The National Bank of Ethiopia (NBE) revises its directive which limits the investment portfolio of banks to 10 percent of their overall equity investment. The new directive states that although the 10 percent limit is still there, NBE will henceforth retain the right to waive the limit on a bank-by-bank basis as it sees fit.

For years, banks were allowed to invest up to 10 percent of their net worth in all non-bank businesses, including insurance companies. 

However, the newly revised directive which became effective since the beginning of June, 2017 gave the central bank the power to lift the investment limit when it deems it necessary.

“Notwithstanding the 10 percent limit, the National Bank may waive the investment limit where it deems necessary,” reads the article.

This gave the central bank the power to regulate commercial bank’s investment based on their respective performance, said a senior banker working at a private bank.

One of the basic reasons behind placing cap on the investment portfolio of banks is risk, comments one former bank director. “There are areas of investments which are risky and may lead banks into failures,” he said.

The amended directive kept the basic provision which is commercial banks are not allowed to invest more than 10 percent of their net worth in real estate acquisition and development, other than for own business premises, without prior approval from the bank regulator (NBE).

Similar to the same directive introduce in 2015, the amendment is aimed at setting aside bank’s direct engagement in insurance business.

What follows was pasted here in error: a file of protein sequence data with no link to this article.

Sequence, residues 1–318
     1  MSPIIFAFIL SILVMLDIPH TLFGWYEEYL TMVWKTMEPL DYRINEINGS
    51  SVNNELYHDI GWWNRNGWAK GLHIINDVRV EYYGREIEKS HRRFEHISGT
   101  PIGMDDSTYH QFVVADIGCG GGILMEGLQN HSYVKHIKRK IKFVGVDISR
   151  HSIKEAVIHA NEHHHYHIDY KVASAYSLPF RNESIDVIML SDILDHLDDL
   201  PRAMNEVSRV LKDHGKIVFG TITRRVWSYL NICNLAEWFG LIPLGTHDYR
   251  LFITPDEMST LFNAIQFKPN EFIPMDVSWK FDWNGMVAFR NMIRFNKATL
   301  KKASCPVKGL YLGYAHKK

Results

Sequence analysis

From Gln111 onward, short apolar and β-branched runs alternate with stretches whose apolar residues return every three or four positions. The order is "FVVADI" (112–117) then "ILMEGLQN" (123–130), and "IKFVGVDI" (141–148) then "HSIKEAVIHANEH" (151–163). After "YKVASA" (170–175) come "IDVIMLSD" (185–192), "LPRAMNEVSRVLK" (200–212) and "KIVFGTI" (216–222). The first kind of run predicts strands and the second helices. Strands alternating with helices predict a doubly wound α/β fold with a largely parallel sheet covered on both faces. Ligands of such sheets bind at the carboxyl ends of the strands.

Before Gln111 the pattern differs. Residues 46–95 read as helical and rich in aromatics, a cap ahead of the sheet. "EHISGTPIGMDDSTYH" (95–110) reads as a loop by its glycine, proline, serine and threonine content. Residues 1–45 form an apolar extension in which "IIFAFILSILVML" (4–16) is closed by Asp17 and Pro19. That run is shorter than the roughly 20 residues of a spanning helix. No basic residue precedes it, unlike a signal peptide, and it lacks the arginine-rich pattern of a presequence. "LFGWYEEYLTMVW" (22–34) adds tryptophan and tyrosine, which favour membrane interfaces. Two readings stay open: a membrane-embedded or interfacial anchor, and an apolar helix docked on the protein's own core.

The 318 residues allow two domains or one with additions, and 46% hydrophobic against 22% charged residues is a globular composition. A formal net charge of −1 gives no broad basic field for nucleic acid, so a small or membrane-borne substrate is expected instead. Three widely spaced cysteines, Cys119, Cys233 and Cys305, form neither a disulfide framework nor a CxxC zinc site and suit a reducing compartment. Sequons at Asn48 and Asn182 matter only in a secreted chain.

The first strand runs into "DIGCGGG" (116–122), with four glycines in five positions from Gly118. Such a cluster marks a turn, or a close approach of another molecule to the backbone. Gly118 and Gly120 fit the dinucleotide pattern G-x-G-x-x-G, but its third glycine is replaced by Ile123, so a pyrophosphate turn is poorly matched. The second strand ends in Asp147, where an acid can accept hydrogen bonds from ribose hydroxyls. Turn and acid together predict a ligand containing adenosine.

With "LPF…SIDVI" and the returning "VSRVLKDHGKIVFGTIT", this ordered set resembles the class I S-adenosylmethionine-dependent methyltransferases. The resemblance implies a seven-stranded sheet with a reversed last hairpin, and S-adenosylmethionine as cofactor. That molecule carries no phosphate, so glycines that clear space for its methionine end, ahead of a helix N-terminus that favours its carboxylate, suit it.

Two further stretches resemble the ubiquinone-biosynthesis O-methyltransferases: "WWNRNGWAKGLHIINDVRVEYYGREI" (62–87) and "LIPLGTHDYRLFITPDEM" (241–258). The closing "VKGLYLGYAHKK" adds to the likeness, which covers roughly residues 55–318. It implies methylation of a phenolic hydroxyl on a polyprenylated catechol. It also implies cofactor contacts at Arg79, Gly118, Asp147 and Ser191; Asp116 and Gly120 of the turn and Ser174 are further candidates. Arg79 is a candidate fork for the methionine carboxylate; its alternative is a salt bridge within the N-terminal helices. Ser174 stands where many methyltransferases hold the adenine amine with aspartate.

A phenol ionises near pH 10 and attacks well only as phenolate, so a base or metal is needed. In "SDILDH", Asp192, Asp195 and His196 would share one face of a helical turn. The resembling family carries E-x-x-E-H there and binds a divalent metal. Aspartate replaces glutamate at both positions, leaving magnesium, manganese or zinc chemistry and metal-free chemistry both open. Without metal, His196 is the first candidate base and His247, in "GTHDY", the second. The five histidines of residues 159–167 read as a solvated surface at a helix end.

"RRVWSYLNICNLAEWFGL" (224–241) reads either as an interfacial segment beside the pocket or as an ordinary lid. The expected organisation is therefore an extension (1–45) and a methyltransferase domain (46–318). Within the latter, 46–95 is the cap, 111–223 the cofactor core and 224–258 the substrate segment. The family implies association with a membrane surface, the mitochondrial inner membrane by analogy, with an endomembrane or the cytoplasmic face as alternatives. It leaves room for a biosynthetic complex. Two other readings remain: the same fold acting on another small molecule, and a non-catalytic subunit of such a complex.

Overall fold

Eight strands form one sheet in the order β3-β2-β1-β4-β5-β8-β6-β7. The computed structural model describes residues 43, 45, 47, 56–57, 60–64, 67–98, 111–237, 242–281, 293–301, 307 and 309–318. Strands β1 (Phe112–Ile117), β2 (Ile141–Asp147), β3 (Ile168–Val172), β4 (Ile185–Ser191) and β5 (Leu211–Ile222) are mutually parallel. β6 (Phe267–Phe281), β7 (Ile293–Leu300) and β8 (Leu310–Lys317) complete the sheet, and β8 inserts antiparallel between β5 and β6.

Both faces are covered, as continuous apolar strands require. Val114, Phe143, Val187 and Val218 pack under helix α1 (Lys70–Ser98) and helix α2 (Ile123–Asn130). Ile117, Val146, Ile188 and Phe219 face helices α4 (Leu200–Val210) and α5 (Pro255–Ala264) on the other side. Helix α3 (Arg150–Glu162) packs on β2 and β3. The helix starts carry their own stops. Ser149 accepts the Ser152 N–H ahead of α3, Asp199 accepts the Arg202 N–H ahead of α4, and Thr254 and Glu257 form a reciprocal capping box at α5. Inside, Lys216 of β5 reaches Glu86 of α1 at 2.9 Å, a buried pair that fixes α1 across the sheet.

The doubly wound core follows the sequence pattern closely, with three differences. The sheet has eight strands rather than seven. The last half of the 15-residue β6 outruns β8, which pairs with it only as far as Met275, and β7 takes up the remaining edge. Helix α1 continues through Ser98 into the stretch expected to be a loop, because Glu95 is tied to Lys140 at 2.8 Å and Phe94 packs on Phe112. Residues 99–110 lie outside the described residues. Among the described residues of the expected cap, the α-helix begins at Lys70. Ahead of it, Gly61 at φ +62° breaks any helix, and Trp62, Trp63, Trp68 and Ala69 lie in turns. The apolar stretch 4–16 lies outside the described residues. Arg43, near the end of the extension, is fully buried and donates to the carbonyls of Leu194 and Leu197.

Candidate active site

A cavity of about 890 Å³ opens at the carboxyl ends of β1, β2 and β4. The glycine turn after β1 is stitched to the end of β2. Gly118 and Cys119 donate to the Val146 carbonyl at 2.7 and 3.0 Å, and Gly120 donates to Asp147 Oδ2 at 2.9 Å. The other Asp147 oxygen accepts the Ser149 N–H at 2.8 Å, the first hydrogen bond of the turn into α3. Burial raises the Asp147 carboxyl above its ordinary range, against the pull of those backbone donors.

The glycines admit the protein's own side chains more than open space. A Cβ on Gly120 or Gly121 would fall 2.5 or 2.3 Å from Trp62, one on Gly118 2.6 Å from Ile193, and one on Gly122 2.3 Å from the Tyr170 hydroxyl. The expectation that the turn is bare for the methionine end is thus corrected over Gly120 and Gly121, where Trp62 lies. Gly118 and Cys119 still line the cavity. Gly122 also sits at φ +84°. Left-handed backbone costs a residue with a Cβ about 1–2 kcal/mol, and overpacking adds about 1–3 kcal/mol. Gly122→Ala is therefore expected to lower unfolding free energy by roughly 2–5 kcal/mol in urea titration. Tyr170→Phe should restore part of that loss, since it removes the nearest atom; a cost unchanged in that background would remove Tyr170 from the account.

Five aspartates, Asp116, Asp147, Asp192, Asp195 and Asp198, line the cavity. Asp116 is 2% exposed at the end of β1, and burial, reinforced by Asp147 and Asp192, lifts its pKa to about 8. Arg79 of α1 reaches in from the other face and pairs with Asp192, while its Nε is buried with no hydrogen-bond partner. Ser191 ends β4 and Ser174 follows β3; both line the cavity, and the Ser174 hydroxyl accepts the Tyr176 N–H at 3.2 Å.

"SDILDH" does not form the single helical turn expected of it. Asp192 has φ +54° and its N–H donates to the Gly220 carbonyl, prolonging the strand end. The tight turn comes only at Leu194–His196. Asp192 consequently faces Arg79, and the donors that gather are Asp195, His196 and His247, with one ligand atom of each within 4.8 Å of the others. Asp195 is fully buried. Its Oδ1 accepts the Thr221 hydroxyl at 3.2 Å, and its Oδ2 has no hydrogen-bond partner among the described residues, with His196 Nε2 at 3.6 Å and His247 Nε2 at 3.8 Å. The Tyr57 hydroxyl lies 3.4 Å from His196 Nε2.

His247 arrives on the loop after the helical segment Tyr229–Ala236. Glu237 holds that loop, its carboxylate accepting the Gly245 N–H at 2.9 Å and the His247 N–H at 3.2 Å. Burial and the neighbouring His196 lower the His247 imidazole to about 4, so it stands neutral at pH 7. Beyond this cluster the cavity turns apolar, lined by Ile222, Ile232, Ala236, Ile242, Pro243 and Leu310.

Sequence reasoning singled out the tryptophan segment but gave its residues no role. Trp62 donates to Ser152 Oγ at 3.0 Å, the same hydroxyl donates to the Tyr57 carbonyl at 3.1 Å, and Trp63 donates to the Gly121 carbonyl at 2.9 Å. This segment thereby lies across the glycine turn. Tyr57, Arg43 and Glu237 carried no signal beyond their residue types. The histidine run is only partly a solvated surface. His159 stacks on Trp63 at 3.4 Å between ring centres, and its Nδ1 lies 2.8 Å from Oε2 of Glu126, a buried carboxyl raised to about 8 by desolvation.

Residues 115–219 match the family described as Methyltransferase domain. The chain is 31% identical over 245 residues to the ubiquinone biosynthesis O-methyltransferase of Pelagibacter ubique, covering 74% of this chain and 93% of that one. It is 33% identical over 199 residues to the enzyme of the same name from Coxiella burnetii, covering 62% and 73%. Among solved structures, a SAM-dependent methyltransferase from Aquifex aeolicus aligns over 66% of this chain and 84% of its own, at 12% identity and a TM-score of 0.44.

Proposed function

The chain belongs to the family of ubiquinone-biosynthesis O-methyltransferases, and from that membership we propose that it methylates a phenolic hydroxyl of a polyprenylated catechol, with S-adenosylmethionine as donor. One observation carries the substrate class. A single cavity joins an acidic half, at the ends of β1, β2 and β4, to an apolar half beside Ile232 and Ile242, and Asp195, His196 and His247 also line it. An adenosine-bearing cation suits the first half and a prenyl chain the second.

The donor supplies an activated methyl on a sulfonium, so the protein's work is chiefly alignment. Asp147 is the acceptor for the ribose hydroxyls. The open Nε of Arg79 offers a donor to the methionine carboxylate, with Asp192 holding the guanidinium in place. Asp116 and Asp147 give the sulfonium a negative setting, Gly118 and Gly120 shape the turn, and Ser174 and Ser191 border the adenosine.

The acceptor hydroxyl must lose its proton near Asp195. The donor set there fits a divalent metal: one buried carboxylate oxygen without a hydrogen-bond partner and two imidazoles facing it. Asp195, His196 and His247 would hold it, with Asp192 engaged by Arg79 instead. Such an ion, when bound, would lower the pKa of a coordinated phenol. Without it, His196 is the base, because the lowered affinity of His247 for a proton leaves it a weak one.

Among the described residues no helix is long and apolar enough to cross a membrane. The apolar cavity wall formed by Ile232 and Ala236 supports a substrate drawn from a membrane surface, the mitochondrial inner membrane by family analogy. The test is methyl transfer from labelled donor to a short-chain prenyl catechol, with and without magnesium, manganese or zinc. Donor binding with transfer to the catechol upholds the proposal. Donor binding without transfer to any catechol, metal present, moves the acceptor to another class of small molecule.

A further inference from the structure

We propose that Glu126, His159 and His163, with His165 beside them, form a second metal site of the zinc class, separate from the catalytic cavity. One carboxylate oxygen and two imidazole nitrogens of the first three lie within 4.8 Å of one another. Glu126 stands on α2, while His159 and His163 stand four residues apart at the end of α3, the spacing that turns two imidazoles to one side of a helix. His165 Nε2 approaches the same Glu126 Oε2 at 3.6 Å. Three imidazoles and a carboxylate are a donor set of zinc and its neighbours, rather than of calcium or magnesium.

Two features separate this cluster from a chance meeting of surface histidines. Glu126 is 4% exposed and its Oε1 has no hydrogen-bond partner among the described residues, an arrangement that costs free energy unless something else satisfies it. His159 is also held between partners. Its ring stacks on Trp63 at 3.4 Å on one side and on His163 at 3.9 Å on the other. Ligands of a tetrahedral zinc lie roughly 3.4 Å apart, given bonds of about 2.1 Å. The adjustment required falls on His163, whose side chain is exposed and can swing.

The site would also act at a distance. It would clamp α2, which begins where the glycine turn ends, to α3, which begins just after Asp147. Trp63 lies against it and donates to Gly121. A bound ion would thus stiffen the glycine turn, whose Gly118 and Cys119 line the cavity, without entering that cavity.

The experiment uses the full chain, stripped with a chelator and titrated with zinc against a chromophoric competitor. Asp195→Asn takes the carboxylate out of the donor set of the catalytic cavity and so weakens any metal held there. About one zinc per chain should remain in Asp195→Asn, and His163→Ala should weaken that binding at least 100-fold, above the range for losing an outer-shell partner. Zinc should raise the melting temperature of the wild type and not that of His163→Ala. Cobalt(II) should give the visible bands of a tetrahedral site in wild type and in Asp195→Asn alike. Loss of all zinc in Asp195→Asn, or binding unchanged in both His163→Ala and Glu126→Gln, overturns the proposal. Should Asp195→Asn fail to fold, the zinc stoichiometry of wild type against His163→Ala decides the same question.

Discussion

“No bank shall directly engage in insurance business. However, a bank may hold equity shares not exceeding 5 percent of an insurer’s subscribed capital in a single insurance company.”

The new amendment has not yet clarified how these exception are applied and who will be the beneficiaries of this directive. And where will the NBE be forced to waive the limit.

The specific article is open for different interpretation.

“I see in both ways,” said another CEO of Bank whose name withheld upon request.

One is that when the central bank says it may lift the 10 percent limit this might be to allow private banks to invest their money in government projects beyond the mentioned investment limit.  The way around this specific provision gave the central bank a power to force some of the banks from investing, explain the CEO.

Since the financial opening in 1994, Central Bank has introduced three similar directives concerning limitations of investment of banks. The first was introduced back in 1996 where it introduces much relaxed provisions.

In this respect bank were not allowed engage in insurance business but may hold up to 20 percent in an insurance company and up to a total of 10 percent of the bank’s equity capital in such business.

The banks were also allowed to hold shares in a non-banking business only up to 20 percent of the company’s share capital and total holdings in such business shall not exceed 10 percent.

Moreover, 1996’s directive prohibited banks from engaging directly in non-banking businesses such as agriculture, industry, and commerce.

Currently, there are now 16 private banks operating in the country with a total capital of 43 billion birr as of June 30, 2016.